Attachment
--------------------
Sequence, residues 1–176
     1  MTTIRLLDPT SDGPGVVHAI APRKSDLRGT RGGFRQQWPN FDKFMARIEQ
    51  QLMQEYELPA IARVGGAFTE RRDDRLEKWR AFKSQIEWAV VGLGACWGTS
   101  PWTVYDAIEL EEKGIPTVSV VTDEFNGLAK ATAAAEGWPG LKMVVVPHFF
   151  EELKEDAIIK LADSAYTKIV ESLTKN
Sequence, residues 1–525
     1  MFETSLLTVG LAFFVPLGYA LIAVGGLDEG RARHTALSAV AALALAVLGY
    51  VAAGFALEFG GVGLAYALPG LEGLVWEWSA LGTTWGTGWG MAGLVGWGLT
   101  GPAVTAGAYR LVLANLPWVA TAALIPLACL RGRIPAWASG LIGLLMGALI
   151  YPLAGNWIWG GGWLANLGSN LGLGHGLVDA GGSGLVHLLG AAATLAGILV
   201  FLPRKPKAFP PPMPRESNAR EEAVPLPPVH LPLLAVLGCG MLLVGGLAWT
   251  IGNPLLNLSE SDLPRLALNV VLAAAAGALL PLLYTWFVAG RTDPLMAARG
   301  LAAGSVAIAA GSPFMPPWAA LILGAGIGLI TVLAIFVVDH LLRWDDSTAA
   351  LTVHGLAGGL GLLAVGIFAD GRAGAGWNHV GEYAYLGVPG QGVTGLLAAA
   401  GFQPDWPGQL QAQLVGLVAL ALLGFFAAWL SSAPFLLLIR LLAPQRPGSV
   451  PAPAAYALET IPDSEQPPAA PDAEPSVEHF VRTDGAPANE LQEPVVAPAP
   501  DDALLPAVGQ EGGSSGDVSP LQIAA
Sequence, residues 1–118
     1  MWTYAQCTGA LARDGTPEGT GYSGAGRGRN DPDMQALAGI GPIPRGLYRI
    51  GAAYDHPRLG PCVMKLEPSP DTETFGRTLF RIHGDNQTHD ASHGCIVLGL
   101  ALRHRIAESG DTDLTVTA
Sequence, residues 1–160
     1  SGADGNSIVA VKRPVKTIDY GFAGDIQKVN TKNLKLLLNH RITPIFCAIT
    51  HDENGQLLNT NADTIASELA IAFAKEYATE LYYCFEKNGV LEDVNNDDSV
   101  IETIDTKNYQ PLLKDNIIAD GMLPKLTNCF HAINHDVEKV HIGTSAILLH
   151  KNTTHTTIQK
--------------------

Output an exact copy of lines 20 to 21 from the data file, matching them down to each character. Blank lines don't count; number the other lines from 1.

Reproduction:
    51  GAAYDHPRLG PCVMKLEPSP DTETFGRTLF RIHGDNQTHD ASHGCIVLGL
   101  ALRHRIAESG DTDLTVTA